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The Friday Hustle: Little Meat Ktzitzot

The beauty of these delicious little patties is that the herbs and finely chopped onions make a small amount of meat go a long way.

Friday afternoons are always the most rushed time of the week for me. It’s all about the last minute preparations for Shabbat. A pit stop at Pavillions for the strawberries I forgot to buy at the other three markets I shopped at that week. A visit to Starbucks to pick up a venti Vanilla Sweet Cream Cold Brew. A quick photo shoot of Rachel’s exquisite Shabbat food (always shared on our Instagram @sephardicspicegirls and on our Facebook page Sephardic Spice SEC FOOD).

Most Friday afternoons, I stop at my parents home to drop a challah, a dessert or a bunch of roses. In my mother’s kitchen, there is always a mound of “ktzitzot,” crispy fried patties. Depending on her mood, these patties are made with ground chicken or beef or completely vegetarian. She always include lots of onion, parsley, cilantro and leek. Depending how hungry I am, I grab one or two. The crispy texture and spice profile always reminds me of my grandmother’s “aruk,” the Iraqi ground beef, herb and potato version of “ktzizot” or latkes that she lovingly prepared every Friday afternoon.

I am not as faithful to this Iraqi Friday lunch tradition. I make meat patties only when the mood strikes. But whenever I do, I wish that I made them more often. The beauty of these delicious little patties is that the herbs and finely chopped onions make a small amount of meat go a long way.

As with all my recipes, I take shortcuts. With this recipe that means no frying—I simply lay the patties on a greased baking sheet and broil them. I also substitute the mashed potato with a half cup of potato starch, which makes the patties impossibly light and creamy, saving the step of boiling and mashing the potatoes. Instead of measuring out each spice individually, I just use a generous helping of shawarma spices. The combination of coriander, cumin, turmeric, sweet paprika, allspice and garlic powder gives a wonderful warmth and aromatic flavor. Pereg Brand from Israel makes one that is indispensable for Sephardic cooking.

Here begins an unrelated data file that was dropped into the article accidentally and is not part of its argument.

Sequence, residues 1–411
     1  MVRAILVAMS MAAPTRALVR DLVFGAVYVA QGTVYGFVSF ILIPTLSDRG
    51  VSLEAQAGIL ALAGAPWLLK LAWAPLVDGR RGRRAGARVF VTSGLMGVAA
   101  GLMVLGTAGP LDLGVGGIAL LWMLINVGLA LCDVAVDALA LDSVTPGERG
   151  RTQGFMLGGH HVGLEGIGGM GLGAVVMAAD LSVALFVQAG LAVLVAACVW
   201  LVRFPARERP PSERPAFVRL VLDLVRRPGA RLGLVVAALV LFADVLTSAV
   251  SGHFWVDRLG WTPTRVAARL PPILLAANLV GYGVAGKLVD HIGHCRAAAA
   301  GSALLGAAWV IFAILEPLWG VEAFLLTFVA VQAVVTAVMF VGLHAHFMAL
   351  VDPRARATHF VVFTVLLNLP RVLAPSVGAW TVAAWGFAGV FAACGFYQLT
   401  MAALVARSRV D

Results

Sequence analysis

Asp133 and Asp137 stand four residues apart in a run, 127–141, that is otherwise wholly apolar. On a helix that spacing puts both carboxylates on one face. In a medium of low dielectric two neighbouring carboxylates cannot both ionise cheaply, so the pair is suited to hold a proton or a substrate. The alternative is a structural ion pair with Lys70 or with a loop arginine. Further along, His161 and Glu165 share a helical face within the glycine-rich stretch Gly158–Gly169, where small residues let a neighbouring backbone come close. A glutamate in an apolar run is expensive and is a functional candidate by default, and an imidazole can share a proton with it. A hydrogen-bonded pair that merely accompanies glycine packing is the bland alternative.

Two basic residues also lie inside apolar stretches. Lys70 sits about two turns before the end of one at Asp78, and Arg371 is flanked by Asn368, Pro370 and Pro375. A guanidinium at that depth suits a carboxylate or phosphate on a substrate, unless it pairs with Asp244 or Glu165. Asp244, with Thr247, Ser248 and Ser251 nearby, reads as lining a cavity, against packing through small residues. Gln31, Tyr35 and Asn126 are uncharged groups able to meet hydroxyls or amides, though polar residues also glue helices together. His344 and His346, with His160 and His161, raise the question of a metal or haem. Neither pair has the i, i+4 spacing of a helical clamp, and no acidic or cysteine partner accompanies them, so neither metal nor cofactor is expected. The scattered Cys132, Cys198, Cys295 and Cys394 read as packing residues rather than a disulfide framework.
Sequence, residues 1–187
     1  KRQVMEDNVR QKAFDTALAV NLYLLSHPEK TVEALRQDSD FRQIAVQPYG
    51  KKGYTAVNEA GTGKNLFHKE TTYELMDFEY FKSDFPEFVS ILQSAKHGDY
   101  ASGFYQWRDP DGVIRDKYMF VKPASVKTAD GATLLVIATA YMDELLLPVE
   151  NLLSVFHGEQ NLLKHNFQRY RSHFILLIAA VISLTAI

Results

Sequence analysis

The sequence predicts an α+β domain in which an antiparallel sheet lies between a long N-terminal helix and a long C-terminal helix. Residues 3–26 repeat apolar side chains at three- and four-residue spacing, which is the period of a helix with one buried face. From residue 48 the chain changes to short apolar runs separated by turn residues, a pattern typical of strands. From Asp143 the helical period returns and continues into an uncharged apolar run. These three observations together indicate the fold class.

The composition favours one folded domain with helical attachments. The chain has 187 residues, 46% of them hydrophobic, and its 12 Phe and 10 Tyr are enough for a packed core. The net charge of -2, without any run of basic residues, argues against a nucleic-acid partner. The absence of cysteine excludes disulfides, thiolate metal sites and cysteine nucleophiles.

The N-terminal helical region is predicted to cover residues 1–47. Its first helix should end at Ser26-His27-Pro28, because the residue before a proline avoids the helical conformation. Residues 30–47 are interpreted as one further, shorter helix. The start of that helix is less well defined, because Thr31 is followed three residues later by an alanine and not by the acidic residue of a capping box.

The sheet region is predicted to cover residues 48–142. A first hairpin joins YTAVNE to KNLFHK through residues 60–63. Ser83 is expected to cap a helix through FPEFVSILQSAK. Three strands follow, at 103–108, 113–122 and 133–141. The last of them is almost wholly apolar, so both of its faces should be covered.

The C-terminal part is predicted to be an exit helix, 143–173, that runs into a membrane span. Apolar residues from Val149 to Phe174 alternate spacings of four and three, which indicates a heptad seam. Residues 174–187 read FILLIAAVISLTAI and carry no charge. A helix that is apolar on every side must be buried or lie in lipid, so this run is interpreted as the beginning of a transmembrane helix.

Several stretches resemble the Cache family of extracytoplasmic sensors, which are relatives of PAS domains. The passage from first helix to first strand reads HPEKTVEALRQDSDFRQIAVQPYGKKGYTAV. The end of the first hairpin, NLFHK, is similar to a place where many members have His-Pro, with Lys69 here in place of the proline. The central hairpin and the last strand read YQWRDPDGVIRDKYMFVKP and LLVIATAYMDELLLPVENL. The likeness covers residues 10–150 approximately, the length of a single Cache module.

Cooking with fresh herbs is a wonderful way to load food with nutrition and flavor. Rachel and I love to include Italian parsley and cilantro in practically every recipe. Well, Rachel includes both, I’m mostly a parsley girl because I inherited the “cilantro tastes like soap gene!” But over the years, I’ve learned to coexist with cilantro.

We soak our herbs in a cool water bath, then rinse with more cold water. We dry them completely before chopping in one pass with a very sharp knife.

When you make these patties, be sure to knead all the ingredients thoroughly to melt the fat in the ground beef and to incorporate all the spices and herbs. Place the mixture in the refrigerator for half an hour, then briefly knead again. Make sure to rub the palms of your hands with oil, the form small flat round patties.

These little “ktzitzot” taste incredible straight out of the oven, served with salad, hummus, pickles and fresh pita.

These little “ktzitzot” taste incredible straight out of the oven, served with salad, hummus, pickles and fresh pita. Perfect for a midweek dinner because after all, Friday afternoon is all about the hustle. — Sharon

Ktzitzot

(Makes between 12-18 ktitzot)
Avocado or vegetable oil for greasing
1 lb lean ground beef
1 large onion, grated
1 cup chopped fresh parsley or cilantro
1/4 cup chopped green onion
1/2 cup potato starch
1 large egg
3 teaspoons shawarma spice mix
1/2 teaspoon kosher salt
Freshly ground black pepper

  • In a large bowl, combine the ground beef, onion, herbs, potato starch, egg and spices.
  • Knead ingredients for two to three minutes until the mixture is soft and creamy.
  • Place in refrigerator for 30 minutes.
  • Grease a baking sheet and set the oven to broil.
  • Reknead the meat mixture and form into 3 inch flat patties.
  • Drizzle a small amount of oil over the patties, then sprinkle a dash of shawarma spices over the patties.
  • Place in middle of the oven and cook until meat is browned, about 8 to 10 minutes.

Rachel Sheff and Sharon Gomperts have been friends since high school. They love cooking and sharing recipes. They have collaborated on Sephardic Educational Center projects and community cooking classes. Find recipe video clips and recipes on Instagram SEPHARDIC SPICE GIRLS and Facebook SEPHARDIC SPICE SEC FOOD.

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